Keeping it in the family

Arts and Culture
March 1, 2018
This article was published more than 2 years ago.
Est. Reading Time: 3 minutes

By: Vanessa Polojac

Born Ruffians welcomes back original drummer Steve Hamelin to create their most personal album to date, all while reuniting a life-long group of friends.

Uncle, Duke and the Chief is a homage to their biggest fans; their fathers.

The 15-year industry veterans include Luke Lalonde (vocals and guitar), Mitch DeRosier (bass guitar) and Steve Hamelin (drums), but their history in music stretches farther than their own careers.

Growing up with their musician fathers, the three band members were encouraged to develop a passion for music at an early age.

“Our fathers have been extremely encouraging of our musical careers. At the beginning of our career, Luke’s dad used to drive us to all of our shows. All three of our dads tried to break into the music industry while in their 20s, now they live vicariously through us. We are extremely lucky to have such supportive fathers,” said Hamelin.

Lalonde’s father was a part of a Canadian rock band called Wireless in late 1970s.

With knowledge in the Canadian music industry he influenced Born Ruffians to relocate from Midland, Ontario and move to Toronto when they were just teenagers to pursue their dreams of becoming an internationally famous musical act. Shortly after, they got signed onto English record label Wrap Records.

"Now, I see that I need the band in my life. It's like a first love and I can't let go of it." 


Steve Hamelin
Born Ruffians 

In 2008, they released their first studio album Red, Yellow & Blue, which got international recognition.

Their record label linked them to many famous bands such as Franz Ferdinand and a cameo on the popular British television show, Skins.

They performed and toured alongside Tokyo Police Club. From 2010, they became a well-known Canadian name. Singles such as “Oh Cecilia” became staples in Canadian radio and Born Ruffians became a band in high demand.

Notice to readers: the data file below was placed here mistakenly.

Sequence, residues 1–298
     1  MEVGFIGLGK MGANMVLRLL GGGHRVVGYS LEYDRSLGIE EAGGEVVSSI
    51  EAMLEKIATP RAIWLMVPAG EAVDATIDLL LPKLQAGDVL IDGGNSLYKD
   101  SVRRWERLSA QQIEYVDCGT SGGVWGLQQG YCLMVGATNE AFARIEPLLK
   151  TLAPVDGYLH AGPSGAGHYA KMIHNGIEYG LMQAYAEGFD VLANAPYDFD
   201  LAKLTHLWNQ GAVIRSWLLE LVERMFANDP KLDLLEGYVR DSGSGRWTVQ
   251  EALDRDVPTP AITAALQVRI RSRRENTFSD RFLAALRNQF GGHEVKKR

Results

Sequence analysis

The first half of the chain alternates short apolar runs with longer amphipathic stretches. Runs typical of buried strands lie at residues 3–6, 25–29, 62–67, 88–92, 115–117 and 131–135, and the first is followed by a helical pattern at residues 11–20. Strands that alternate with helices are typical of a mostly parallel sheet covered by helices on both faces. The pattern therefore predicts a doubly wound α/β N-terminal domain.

They were eventually signed to their current label, Paper Bag Records.

“Being a part of this band on and off for this many years has given me so many amazing experiences as well as life-long friends,” explained Hamelin.

“We are always around each other’s family. We call Luke’s dad ‘uncle’, Mitch’s dad ‘Duke’ and my dad’s nickname is ‘The Chief’.”

The trio has gone through many of one another’s life changes together over the last 15 years. But being a part of a band for so long, Hamelin decided he needed a break.

He took a four-year recess to return to university. He finished his bachelor’s degree, which was put on hold during the early years of Born Ruffians.

“For some years, I just felt dissatisfied with the direction that my life and the band was going in. That’s when I decided to re-enroll and finish my degree. Now, I see that I need the band in my life. It’s like a first love and I can’t let go of it,” explained Hamelin.

Differing from past records, Uncle, Duke and the Chief is lyrically more personal, emotional and reflective.

The passing of David Bowie, who was a big musical inspiration for the band, sparked the beginning stages of the record. The album deals with death, aging, life, motivation and ambition, themes that are very personal, but can connect universally.

“This record was a three-part process and took us over a year to create. We wanted the record to bring us back to our roots as a trio and in my opinion this album is our strongest record to-date,” said Hamelin

In 2018, the band plans to tour Uncle, Duke and the Chief nationally. Born Ruffians will be kicking off their tour at Mills Hardware right here in Hamilton on March 9.   

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